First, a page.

New Forest Players Ballard School, New Milton Philip & Julie McStraw 30 December 2022
There can be no better way to top off the seasonal festivities than with a family outing to the local panto! This year’s ‘Twixmas’ treat from the New Forest Players is the enduringly popular folk tale of Cinderella, which in English language form dates back to at least the 17th century, following the publication of the definitive version of the story (in French) by Charles Perault. Since that time Cinderella has become the most performed Christmas pantomime as well as being the subject of countless films. The story is so well known that it really needs no introduction here. So the challenge for script writers and theatre groups is to create something that remains true to the original narrative, whilst employing contemporary references and original elements that are appreciated by adults and children today. This New Forest Players’ production does that in bucketloads with an updated and reimagined telling of this heartwarming fantasy, written by Dorset based pantomime maestro Lee Redwood.
It is fast paced with a nonstop stream of slapstick and funny one-liners, with topical content, old chestnuts and risqué innuendo (supposedly which only adults understand), that prompt lots of groans and laughter from everybody. The songs fit like a glove with the dialogue and are a mix of familiar Disney standards and fashionable pop music, including a lively (and loud) rendition of Lady Gaga’s ‘Born This Way’.
Audience participation is a key element of any pantomime and no one should come along to this pantomime unless they are prepared to join in. Yes, everyone is required to boo, hiss and shout out the usual catchphrases with perfect timing.
It’s simply great fun and young and old alike can expect to be captivated by an utterly delightful Cinderella with her dashing Prince Charming. They will also be thoroughly entertained by the comedic maleficence of the Ugly Sisters and the Step-Mother, and the antics of Buttons, the kindly Fairy Godmother and her enchanting animal helpers. If that’s not enough there’s the added bonus of reliable Dandini, hopeless Baron Hardup, Derek (Trotter) the panto Horse and hapless builders Riff and Raff.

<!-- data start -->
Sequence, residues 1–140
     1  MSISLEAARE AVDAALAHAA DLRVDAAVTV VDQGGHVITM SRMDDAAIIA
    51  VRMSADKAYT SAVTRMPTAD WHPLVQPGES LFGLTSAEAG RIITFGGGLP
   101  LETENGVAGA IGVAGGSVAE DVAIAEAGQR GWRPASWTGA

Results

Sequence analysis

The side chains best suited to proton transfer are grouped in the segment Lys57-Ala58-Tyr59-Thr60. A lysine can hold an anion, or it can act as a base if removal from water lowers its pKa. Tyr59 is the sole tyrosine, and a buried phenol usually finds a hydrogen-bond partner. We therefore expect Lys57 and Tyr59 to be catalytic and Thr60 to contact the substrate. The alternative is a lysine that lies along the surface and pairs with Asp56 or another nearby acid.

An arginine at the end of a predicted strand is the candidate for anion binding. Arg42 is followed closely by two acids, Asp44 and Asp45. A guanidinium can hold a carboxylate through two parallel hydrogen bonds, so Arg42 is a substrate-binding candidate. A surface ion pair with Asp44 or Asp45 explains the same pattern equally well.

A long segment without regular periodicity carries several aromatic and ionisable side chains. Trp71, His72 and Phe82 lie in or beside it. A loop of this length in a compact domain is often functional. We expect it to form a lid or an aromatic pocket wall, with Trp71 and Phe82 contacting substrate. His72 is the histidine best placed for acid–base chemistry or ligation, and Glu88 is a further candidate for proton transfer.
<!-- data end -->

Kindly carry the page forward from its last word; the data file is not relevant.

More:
It does seem to be unfair to single out anyone for plaudits, nevertheless it would be remiss to not give praise where it is clearly due. Phillipa Hendry in the leading role of Cinderella is faultless in her acting performance and her singing is excellent. Martin Cox, as Buttons and effectively the Master of Ceremonies, was clearly born for the part. He has said he’s “the guy who doesn’t get the girl yet again”, but don’t give up, Martin, because your acting future is a bright one and you never know who this might lead you to. Stand out performances are also delivered by Ian Prescott and Tina Ward who are both brilliantly convincing as the two Ugly Sisters Lavinia and Lucinda (Lav and Loo) and they can be rightfully ‘flushed’ by their success of delivering their funny lines with precise comic timing.
There are just too many performers in this production to mention them all individually, (or as a twosome where Derek the Horse is concerned), but they can all stand up and take a well-deserved bow. They all play their parts to perfection. There are 23 people in the Chorus alone and they dance and sing with exuberance, and the 10 youngsters that make up the Children’s section of the Chorus are simply cuteness personified.
Often in pantomimes the costumes are a major part of the show and this production of Cinderella is no exception. All of the costumes are splendid and completely authentic for the parts of each character. Cinderella’s Ball gown is sumptuous, as to be expected of a fairy tale princess. But probably the costumes deserving of highest praise belong to the two Ugly Sisters. It is difficult to keep count of the many costumes they wear, which seemed to change with each Scene; and, as many and varied as they are, each of their costumes are garish riots of colour and extreme bad taste. Absolutely fantastic! The costume makers must have worked long and hard on producing such well-designed and high-quality outfits.
As soon as members of the Audience enter the theatre, they know they are in for a good time because in front of them is a most impressive stage setting. Centre stage contains a huge floor to ceiling story book containing pages of stunning and skillfully painted scenery that are turned over as the performance is played out. It must have taken a monumental effort by the Production Team to devise and build this magical set.
It goes without saying that a show of this scale requires a large backstage crew to organise the lighting and sounds, and each and everyone involved should take a well-deserved bow along with the performers.
Apparently, this is the 10th pantomime Sarah Haberfield has directed for the New Forest Players. This one is undoubtedly the best yet and gets 5 Stars. But she can also be certain that all of the children (and some of the adults) will always remember this production of Cinderella with joy and happiness.
The show runs until 1 January 2023.
We are already looking forward to next year’s production!